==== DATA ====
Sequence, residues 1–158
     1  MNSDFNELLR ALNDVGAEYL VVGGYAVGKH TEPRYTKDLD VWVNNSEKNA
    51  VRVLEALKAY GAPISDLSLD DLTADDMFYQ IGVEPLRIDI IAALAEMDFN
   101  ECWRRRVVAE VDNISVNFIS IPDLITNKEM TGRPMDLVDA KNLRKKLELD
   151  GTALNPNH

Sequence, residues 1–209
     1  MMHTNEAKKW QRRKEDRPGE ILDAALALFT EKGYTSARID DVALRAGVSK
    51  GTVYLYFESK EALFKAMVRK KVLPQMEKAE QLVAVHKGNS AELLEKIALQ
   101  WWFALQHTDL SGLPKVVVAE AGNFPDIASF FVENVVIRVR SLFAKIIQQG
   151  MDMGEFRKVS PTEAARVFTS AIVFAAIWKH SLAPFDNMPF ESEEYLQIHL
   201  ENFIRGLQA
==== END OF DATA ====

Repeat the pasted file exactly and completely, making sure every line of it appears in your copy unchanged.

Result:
Sequence, residues 1–158
     1  MNSDFNELLR ALNDVGAEYL VVGGYAVGKH TEPRYTKDLD VWVNNSEKNA
    51  VRVLEALKAY GAPISDLSLD DLTADDMFYQ IGVEPLRIDI IAALAEMDFN
   101  ECWRRRVVAE VDNISVNFIS IPDLITNKEM TGRPMDLVDA KNLRKKLELD
   151  GTALNPNH

Sequence, residues 1–209
     1  MMHTNEAKKW QRRKEDRPGE ILDAALALFT EKGYTSARID DVALRAGVSK
    51  GTVYLYFESK EALFKAMVRK KVLPQMEKAE QLVAVHKGNS AELLEKIALQ
   101  WWFALQHTDL SGLPKVVVAE AGNFPDIASF FVENVVIRVR SLFAKIIQQG
   151  MDMGEFRKVS PTEAARVFTS AIVFAAIWKH SLAPFDNMPF ESEEYLQIHL
   201  ENFIRGLQA